Texas is currently in the grid of a severe and lethal cold snap which has killed at least 21 people and crippled its electricity supply for more than two days. Shortages of up to 25GW of electricity have resulted in rolling blackouts amidst freezing sub-zero temperatures in a state known for its mild to warm weather and energy abundance.
The significance of the Texas blackouts for Australia could be more important than the California blackouts last August, caused by the continued replacement in the western states of the US of coal and nuclear generators with wind and solar, without adequate backup.
The relevance of Texas is not about renewables planning, but rather governance and market design.
Texas runs its own electricity grid, or at least the Electricity Reliability Council of Texas (ERCOT) does, supplying electricity to around 26 million customers with a generating capacity of around 82GW comprised of around 53 per cent gas, 24 per cent wind, 14 per cent coal, 5 per cent nuclear and 2 per cent solar.
Parts of Texas have recorded temperatures as low as -18 C since Monday as the result of an arctic outbreak which passed through Canada and into central US. At times the temperatures in Texas were reportedly colder than Alaska. Neighbouring states of Arkansas and Oklahoma have also been hit with electricity supply shortages and rolling blackouts.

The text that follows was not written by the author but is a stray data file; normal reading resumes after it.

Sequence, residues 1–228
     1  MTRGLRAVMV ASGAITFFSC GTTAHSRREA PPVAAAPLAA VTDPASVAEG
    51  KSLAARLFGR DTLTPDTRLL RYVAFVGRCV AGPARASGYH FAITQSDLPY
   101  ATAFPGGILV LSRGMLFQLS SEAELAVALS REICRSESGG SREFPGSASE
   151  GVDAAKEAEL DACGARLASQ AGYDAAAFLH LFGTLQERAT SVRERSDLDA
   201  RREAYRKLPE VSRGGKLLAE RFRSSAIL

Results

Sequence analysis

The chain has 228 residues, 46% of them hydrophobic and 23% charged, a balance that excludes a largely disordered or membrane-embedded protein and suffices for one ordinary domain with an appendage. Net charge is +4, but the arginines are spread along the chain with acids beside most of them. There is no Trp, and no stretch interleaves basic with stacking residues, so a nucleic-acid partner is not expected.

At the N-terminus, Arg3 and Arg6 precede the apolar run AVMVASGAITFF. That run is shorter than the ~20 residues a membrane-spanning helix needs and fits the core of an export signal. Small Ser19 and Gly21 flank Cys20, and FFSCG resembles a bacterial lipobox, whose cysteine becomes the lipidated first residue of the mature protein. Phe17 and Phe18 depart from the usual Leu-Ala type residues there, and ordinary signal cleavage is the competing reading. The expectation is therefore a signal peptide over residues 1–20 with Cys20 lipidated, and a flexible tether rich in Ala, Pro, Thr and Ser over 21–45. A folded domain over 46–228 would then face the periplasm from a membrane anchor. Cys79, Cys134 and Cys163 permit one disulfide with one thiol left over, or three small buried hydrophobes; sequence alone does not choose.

The freezing cold snap drove up electricity demand and physically impaired some generators from operating. The worst hit were the state’s gas generators and gas pipelines, with ERCOT reporting frozen components at some gas generators forcing them to switch off.
Others couldn’t access enough gas because the freezing weather slowed or stopped gas production at wellheads not designed to operate in arctic conditions. Some wind turbines also froze up in the conditions. In all, 16GW of wind is offline and around 30GW of thermal generation.
The state endured similar blackouts a decade ago when temperatures fell and further back in the winter of 1989, with calls to “weatherise” facilities to protect them against the cold. That costs money, takes time and forces units offline while the protective works are done. ERCOT said some protective measures were taken, but current weather conditions far exceeded their expectations.
The scale of the electricity supply shortage is substantial: Texas has been short of 15 to 25 GW of electricity for two days.
ERCOT runs an energy-only market with generators complaining for years that sustained low wholesale prices are exacerbated by new renewables generators and do not create sufficient commercial incentives to invest in additional capacity. There is talk there, as in the National Electricity Market in Australia, of shifting to capacity payments to get additional supply. That talk is likely to amplify as Texans re-examine governance of their energy-rich state.